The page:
• The activities of arable farmers are diversified by building an inheritance of valuable trees and at the same time, continuing to generate revenue from the plants that have been planted.
  • Animals and intercrops are protected by the trees that shield from wind offering shelter from the rain, wind and sun, keeping the soil in place and stimulating soil microflora and fauna.
  • The deep tree roots recover the drained or leached nutrients; the soil is enriched by tree litter and the dead roots of the trees.
  • This is an alternative to full reforestation as the continuance of arable activity is permitted.

From the Forestry Perspective

The benefits of agro forestry from the forestry perspective are:

  • Wide spacing results in the acceleration of the diameter growth of the trees
  • The number of trees that have no commercial future are considerably less therefore, the capital cost of the plantation is reduced.
  • Maintenance costs of the plantation - The presence of intercrops are largely reduced and the quality of wood produced is enhanced since trees are not subject to thinning and competition.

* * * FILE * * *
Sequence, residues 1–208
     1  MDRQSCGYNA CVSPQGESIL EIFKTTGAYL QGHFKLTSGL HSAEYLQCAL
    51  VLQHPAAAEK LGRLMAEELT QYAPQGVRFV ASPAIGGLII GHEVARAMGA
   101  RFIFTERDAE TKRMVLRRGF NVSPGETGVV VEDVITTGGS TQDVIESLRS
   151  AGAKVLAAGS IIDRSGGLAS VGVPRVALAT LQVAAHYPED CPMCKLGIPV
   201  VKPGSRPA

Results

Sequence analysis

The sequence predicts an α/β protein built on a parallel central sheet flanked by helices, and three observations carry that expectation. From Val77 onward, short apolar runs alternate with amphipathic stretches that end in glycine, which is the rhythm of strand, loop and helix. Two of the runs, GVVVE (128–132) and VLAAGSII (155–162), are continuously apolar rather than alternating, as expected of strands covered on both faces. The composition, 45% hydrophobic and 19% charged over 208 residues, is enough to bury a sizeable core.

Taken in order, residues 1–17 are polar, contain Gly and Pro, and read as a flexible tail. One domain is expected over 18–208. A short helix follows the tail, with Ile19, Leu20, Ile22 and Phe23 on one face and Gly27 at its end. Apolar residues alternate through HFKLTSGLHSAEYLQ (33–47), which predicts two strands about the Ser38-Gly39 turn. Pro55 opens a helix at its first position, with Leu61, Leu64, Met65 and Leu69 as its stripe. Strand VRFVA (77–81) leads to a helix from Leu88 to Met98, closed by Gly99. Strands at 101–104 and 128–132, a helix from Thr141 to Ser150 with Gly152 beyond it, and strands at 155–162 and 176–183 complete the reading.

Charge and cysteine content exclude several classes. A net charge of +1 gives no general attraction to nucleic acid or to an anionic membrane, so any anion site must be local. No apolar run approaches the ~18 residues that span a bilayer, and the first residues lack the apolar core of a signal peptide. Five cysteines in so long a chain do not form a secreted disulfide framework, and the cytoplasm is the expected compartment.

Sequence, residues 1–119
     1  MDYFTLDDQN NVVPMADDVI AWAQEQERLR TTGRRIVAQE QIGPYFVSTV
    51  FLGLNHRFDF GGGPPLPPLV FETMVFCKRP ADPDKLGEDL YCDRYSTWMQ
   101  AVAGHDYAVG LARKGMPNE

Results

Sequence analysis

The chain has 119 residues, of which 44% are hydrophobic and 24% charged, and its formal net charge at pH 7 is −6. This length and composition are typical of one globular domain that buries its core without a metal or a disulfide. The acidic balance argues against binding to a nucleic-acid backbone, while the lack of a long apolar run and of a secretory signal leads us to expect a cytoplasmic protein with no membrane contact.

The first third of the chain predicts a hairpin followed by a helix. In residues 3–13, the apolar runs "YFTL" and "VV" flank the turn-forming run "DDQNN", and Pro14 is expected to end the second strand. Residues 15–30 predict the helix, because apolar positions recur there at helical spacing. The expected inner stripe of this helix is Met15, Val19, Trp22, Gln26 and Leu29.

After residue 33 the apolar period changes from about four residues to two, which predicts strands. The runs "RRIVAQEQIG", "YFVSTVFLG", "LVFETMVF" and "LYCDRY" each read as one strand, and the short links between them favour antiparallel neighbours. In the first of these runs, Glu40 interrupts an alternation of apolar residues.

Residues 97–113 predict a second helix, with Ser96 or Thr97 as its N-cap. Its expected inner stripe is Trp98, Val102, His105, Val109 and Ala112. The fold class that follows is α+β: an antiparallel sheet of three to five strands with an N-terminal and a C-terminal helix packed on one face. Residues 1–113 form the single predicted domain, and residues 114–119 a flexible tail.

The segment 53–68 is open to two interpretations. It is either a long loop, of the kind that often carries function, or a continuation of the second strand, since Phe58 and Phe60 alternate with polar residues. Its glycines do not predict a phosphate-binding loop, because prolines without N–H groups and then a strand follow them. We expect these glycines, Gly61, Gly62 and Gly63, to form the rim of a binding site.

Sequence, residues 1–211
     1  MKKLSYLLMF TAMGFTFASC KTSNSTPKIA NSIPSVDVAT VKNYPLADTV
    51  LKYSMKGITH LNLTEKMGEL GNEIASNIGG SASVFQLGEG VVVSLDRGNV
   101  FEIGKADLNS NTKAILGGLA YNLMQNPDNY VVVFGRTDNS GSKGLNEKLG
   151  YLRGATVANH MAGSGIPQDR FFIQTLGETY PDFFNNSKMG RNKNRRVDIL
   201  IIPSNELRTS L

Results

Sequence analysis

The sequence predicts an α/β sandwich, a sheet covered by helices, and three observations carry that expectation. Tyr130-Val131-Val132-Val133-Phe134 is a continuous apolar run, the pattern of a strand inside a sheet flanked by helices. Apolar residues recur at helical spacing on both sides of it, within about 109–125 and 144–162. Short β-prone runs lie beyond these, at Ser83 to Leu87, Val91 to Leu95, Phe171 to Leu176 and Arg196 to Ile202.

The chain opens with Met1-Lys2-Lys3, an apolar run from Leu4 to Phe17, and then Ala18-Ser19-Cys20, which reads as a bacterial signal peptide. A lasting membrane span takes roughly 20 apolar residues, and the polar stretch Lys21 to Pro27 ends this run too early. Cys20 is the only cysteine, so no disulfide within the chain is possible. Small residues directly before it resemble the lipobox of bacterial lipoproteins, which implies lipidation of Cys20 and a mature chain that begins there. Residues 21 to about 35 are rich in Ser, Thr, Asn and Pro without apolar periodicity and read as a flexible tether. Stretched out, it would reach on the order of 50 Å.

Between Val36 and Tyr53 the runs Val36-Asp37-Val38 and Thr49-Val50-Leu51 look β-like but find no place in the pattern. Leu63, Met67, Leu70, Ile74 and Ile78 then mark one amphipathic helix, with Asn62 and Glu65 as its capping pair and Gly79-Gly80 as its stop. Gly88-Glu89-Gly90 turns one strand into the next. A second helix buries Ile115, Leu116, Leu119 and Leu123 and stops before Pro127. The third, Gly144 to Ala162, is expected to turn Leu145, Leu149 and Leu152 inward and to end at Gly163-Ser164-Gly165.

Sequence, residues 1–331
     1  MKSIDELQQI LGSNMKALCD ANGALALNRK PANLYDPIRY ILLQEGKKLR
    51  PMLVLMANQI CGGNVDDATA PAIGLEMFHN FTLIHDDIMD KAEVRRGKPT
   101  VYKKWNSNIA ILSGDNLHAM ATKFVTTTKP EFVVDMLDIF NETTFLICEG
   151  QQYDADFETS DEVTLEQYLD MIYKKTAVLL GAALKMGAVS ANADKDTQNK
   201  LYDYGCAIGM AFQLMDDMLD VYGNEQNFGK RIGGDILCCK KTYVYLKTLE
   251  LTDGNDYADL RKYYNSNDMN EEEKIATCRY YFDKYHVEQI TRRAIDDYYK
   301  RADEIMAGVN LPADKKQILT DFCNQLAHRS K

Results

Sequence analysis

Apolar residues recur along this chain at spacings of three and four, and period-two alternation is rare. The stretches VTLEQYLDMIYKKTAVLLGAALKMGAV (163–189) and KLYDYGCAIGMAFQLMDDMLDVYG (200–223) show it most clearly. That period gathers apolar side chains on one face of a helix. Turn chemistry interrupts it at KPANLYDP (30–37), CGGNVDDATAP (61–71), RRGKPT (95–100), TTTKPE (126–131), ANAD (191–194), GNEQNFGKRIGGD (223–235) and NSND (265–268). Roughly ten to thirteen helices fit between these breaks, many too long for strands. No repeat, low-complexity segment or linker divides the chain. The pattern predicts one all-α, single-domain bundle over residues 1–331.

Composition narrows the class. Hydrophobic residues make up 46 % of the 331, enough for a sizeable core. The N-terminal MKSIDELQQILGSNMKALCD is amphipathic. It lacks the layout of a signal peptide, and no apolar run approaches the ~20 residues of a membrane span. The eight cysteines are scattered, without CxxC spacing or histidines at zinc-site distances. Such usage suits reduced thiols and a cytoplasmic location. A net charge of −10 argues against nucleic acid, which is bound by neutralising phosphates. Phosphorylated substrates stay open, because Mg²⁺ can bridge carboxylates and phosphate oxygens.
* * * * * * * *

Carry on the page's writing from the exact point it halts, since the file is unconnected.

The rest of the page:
• Guaranteed tree care and follow-up - The arable intercropping activity protects against the risk of fire in susceptible areas.
  • Agro forestry plantations on arable land enable the development of quality wood resources that compliment products from conventionally exploited forests.

Conclusion

Agro forestry is a combination of forest trees, row crops and livestock and it is surprising that it was not implemented since the agricultural revolution began. In order to adopt agro forestry on a large scale, it needs to overcome the drawbacks.

One challenge of agro forestry is land management. Since the use of land is diverse, day-to-day farming issues are more complicated than in a monocultural farm or straight forestry operation. Furthermore, agro forests see reduced yields as the small crops compete with trees for water, nutrients and light from soil.

Use of farming technology is tough in the confined forest space. If these challenges are overcome, it would be possible to reap the environmental benefits of agro forestry.

Sources and Further Reading

Kris Walker

Written by

Kris Walker

Kris has a BA(hons) in Media & Performance from the University of Salford. Aside from overseeing the editorial and video teams, Kris can be found in far flung corners of the world capturing the story behind the science on behalf of our clients. Outside of work, Kris is finally seeing a return on 25 years of hurt supporting Manchester City.